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Legacies

They vary.

legacy-cartoon

H/T to Legalinsurrection.com

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The Marketing People at 5-Hour Energy Should be All Over This!

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From the Daily Caller:

The top defense secretary in North Korea was allegedly executed in a hail of anti-aircraft fire, South Korean news outlets say, for falling asleep at a meeting where Kim Jong-un was speaking.

Though there remains some skepticism regarding the event, certainly there seems to be some credence to the possibility that General Hyon Yong-chol was done away with, because we know that the DPRK has the facility for such an ostentatious (and messy) display of brutality.

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But there is a marketing opportunity here.  The annoying 5-Hour Energy commercials could become quite a bit more compelling.  “Feeling tired?  Falling asleep in a meeting with the boss?  Don’t be blasted into smoking lumps of bone and flesh!  Drink 5-Hour Energy!  Now in pomegranate, berry, grape, and citrus orange!”

Wouldn’t it be irony that staunch Communist KJU was the entrepreneurial inspiration for a Capitalist marketing campaign?    Sure, the FDA has some warnings about 5-Hour Energy Drinks, such as prolonged use causing heart attacks.  But it still has to be less harmful than half a dozen 14.5 slugs to the cranium.

Maybe 5-Hour Energy can pick up the NKPA as a sponsor, to go along with NASCAR and Jim Furyk.  Or maybe not, as acquiring personal wealth is a leading cause of being shot to pieces in North Korea.

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“The mission of this Allied Force was fulfilled at 0241, local time, May 7th, 1945.”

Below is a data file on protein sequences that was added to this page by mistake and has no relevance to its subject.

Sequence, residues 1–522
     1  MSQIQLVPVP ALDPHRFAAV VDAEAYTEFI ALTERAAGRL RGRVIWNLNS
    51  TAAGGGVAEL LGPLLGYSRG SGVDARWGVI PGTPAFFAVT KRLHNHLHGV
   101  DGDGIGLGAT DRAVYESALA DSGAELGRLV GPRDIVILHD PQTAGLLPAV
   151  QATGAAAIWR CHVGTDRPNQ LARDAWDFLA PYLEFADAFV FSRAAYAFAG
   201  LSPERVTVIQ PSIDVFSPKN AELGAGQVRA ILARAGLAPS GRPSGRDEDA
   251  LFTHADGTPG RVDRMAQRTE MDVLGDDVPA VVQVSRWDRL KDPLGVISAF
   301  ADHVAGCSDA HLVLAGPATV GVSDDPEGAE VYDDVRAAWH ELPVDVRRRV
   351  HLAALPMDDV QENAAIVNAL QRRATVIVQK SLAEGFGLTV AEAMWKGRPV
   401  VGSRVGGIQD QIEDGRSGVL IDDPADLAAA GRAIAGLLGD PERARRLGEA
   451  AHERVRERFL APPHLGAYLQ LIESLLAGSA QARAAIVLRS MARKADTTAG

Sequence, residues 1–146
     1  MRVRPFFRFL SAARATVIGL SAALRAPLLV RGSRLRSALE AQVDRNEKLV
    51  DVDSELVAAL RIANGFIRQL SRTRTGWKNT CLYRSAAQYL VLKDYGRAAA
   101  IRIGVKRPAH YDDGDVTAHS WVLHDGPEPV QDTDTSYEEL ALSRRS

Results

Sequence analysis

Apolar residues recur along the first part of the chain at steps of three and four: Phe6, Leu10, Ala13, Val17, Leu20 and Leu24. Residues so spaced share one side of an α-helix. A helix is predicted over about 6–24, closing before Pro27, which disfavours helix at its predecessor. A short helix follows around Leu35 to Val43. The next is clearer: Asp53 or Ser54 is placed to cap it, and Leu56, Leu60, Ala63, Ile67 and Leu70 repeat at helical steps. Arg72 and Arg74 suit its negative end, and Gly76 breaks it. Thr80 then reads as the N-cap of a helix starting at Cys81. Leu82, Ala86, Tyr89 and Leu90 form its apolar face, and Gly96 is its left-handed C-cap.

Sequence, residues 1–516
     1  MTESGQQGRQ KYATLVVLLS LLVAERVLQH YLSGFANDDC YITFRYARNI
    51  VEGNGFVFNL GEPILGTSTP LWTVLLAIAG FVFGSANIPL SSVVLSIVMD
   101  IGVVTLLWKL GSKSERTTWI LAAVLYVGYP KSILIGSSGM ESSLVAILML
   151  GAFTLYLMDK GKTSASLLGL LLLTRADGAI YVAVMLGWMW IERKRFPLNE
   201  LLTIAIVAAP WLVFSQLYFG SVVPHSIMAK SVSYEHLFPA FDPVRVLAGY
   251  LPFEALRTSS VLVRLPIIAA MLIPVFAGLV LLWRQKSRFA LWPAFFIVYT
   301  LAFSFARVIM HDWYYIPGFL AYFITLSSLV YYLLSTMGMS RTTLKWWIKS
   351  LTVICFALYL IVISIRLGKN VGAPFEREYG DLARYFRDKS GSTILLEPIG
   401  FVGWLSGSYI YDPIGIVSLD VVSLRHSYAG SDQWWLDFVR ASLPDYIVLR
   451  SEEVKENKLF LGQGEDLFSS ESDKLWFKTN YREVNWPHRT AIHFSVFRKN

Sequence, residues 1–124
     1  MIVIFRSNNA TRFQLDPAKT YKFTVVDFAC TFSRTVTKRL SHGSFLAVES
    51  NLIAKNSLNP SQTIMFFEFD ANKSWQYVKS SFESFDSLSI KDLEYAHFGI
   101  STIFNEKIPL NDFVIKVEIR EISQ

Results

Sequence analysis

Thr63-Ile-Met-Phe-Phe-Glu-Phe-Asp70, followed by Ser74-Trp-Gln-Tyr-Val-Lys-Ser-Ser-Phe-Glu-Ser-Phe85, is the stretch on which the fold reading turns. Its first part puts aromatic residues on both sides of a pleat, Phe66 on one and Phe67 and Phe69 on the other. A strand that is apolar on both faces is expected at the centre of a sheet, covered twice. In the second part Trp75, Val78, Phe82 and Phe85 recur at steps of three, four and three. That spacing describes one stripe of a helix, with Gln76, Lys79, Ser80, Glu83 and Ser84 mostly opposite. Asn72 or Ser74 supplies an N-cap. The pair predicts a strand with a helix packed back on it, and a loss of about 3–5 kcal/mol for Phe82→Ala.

That message, sent 70 years ago by  General of the Army Dwight D. Eisenhower, Supreme Commander, Allied Expeditionary Forces Europe, to the American and British governments, signaled the end of World War II in Europe.

<br />
&ldquo;The mission of this Allied Force was fulfilled at 0241, local time, May 7th, 1945.<br />
EISENHOWER&rdquo;</p>
<p>Top secret document sent by General Eisenhower to his superior officers to inform them that his mission was fulfilled - Germany was defeated and the war in Europe was over. <br />
-from the Eisenhower Library

Alfred Jodl would sign the instruments of surrender for Germany at Rheims.

File:German instrument of surrender2.jpg

On May 8, a similar instrument was signed in Berlin, ending the war with the Soviet Union. The US and most western nations celebrate Victory in Europe on May 8. The Russians celebrate on May 9.

On May 6, 1945, the focus of the entirety of the Allied forces in Europe was the defeat of Germany. On May 8, the focus was on getting out of the damn Army and getting home. It would take some time for that to pass, and indeed, to this day, Americans are stationed in Germany, though since 1955, as guests and allies of their former enemies.